Several hunger strikers at Pelican Bay and Corcoran were transported to California State Prison, Sacramento, officially because the facility is better suited to treat them. Of concern during the strike was CDCR’s obtained court permission to force feed hunger strikers even if they had signed a “do not resuscitate” order. The medical receivers office has consistently denied that the order was ever used.

Throughout the hunger strike, many were hospitalized, some lost more than 20% of their body-weights, and some had to be sent to community hospitals due to complications from resuming eating.


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  • The problem is that the officials already know this, and have no desire to make change, unfortunately, and will keep it up as long as the dollars from the incarcerated in isolation keep flowing…

  • Alan CYA # 65085

    Here is an article that shows how social isolation affects our very genes.

    I summarized a few of the relative points of the article below:

    “Social isolation is the best-established, most robust social or psychological risk factor for disease out there. Nothing can compete.”

    Psychologists Gregory Miller and Nicolas Rohleder , found social stress levels in young women predicted changes in their gene activity six months later.

    In another study on abused children the Kaufman study found:

    That although poverty and poor neighborhoods tend to make people more sensitive to threats in ambiguous social situations, the main thing driving screwy immune responses appears to be whether the child sees the social world as scary.

    The lack of a reliable social connection harmed the kids almost as much as the abuse.

    A strong social connection can almost completely protect us against the well-known effects of severe abuse and that isolation was almost as toxic as the abuse.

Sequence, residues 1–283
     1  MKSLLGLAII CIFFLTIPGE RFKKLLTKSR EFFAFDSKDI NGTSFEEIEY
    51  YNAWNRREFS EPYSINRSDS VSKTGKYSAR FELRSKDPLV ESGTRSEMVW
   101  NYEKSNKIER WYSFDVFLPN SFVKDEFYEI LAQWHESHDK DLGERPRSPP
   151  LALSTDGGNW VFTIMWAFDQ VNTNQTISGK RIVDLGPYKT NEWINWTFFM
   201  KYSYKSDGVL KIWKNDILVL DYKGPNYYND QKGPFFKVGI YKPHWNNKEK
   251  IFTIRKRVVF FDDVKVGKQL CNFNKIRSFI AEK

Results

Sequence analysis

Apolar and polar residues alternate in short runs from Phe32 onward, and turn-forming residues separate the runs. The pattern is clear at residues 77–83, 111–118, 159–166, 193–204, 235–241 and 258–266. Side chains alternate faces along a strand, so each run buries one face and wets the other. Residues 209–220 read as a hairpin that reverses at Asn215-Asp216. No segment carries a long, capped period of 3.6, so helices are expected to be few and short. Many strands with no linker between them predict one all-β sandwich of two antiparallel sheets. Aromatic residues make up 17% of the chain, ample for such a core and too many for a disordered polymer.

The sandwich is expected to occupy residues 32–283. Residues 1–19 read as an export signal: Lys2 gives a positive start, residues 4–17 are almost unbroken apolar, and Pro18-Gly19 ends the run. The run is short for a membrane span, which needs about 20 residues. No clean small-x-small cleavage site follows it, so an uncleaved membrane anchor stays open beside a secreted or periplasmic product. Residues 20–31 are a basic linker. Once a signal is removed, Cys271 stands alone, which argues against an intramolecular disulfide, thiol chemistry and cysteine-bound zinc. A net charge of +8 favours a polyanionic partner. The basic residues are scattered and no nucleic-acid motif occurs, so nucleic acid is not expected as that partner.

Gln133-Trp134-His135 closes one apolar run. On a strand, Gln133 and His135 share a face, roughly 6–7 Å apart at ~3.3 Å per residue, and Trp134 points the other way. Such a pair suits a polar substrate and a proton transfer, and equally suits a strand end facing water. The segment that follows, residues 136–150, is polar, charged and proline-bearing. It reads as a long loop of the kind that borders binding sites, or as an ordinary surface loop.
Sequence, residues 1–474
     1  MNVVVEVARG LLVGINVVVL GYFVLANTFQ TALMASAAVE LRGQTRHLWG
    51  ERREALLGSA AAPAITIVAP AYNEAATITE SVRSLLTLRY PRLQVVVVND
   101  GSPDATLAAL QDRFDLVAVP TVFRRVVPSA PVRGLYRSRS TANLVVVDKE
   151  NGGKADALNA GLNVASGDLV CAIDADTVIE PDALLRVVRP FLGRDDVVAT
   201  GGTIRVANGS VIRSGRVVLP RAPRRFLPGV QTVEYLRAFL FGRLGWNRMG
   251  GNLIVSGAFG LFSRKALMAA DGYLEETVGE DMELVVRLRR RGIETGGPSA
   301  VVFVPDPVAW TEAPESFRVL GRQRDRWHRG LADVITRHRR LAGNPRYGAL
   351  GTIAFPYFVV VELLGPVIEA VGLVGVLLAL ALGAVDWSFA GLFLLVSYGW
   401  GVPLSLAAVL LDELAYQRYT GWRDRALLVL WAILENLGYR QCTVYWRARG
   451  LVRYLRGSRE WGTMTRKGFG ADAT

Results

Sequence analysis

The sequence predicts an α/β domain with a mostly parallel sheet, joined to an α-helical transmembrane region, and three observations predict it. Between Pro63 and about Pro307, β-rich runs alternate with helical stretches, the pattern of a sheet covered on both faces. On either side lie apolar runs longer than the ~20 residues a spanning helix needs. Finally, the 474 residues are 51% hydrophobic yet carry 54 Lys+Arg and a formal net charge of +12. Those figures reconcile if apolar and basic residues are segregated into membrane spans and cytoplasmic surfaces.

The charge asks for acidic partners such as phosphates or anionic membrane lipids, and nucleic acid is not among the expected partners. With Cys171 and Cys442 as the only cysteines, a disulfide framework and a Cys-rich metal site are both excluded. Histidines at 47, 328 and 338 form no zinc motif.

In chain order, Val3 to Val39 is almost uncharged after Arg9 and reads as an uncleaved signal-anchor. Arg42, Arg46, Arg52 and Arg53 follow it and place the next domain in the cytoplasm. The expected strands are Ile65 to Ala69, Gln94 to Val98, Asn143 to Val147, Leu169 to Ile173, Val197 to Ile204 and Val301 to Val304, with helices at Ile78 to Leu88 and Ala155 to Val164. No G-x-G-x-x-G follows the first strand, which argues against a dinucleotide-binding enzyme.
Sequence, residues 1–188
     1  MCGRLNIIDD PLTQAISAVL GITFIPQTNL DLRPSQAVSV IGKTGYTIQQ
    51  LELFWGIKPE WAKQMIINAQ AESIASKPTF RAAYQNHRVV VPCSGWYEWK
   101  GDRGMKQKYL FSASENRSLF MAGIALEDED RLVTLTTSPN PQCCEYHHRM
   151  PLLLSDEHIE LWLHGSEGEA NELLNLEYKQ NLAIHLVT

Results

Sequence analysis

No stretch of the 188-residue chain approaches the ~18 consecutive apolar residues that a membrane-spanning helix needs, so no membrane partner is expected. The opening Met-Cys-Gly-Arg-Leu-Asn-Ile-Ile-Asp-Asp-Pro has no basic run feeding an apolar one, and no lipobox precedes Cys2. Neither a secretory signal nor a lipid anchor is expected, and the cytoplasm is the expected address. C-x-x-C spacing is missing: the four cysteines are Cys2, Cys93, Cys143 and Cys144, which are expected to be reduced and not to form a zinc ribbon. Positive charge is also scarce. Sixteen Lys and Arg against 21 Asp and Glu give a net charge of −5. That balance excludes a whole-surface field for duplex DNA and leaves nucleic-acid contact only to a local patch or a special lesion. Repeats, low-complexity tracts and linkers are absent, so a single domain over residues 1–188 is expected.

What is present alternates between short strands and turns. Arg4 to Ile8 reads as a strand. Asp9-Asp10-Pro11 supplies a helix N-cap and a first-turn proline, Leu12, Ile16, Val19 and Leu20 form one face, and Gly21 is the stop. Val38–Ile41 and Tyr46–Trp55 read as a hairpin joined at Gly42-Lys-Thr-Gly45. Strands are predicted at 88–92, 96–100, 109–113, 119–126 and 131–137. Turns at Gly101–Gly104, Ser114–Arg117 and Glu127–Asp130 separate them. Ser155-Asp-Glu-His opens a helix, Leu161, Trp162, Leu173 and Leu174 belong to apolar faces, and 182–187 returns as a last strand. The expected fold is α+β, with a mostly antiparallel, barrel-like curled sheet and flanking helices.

The Kaufman study challenges the conventional Western thinking that “social support” is a sort of add-on, something extra that might somehow fortify us. It’s not. We are naturally social creatures, and have been for eons.


    So we move these human beings hundreds or even thousands of miles away from their social supports (families), and into extremely stressful environments, and when they don’t get better we isolate them even further.

    They should expand these studies to include all new inmates and then do follow ups.

    What would they find in these isolation units?

    With the numbers that are being incarcerated they would have enough samples to make very firm scientific findings.

  • My hat goes off to the fine men that peacefully protested their UNJUST and INHUMANE TREATMENT, by participating in the hunger strike, hopefully someone that can do something – WILL? If nothing else, I do believe that the powers that be have taken notice and perhaps the American Justice system will check itself and CORRECT the error of it’s ways? How can our legal system continue to be so FLAWED? And why must human beings have to suffer in such inhumane circumstances?

  • Thank you for this update. I heard from my friend after his hospitalization. I do not know if he is still in Pelican Bay, but I do know he had begun to have organ failure, and agreed to treatment. Maybe there were few hearts changed among the officials. But a statement has been made and the public has heard it. I know I will never be able to tell myself that prison = justice and that anyone there “deserves” the treatment they receive.